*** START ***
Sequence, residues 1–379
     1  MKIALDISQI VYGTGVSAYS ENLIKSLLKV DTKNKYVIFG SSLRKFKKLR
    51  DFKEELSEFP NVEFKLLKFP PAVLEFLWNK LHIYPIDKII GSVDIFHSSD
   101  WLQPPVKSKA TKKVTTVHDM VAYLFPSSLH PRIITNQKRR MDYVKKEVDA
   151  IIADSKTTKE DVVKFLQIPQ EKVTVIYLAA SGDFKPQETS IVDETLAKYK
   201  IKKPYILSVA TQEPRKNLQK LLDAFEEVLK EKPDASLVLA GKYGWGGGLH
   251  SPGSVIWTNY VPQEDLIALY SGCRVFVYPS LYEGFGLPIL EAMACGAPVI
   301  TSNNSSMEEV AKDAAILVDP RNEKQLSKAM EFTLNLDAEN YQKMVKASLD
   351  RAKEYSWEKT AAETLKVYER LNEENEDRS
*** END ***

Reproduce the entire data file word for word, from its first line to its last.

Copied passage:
Sequence, residues 1–379
     1  MKIALDISQI VYGTGVSAYS ENLIKSLLKV DTKNKYVIFG SSLRKFKKLR
    51  DFKEELSEFP NVEFKLLKFP PAVLEFLWNK LHIYPIDKII GSVDIFHSSD
   101  WLQPPVKSKA TKKVTTVHDM VAYLFPSSLH PRIITNQKRR MDYVKKEVDA
   151  IIADSKTTKE DVVKFLQIPQ EKVTVIYLAA SGDFKPQETS IVDETLAKYK
   201  IKKPYILSVA TQEPRKNLQK LLDAFEEVLK EKPDASLVLA GKYGWGGGLH
   251  SPGSVIWTNY VPQEDLIALY SGCRVFVYPS LYEGFGLPIL EAMACGAPVI
   301  TSNNSSMEEV AKDAAILVDP RNEKQLSKAM EFTLNLDAEN YQKMVKASLD
   351  RAKEYSWEKT AAETLKVYER LNEENEDRS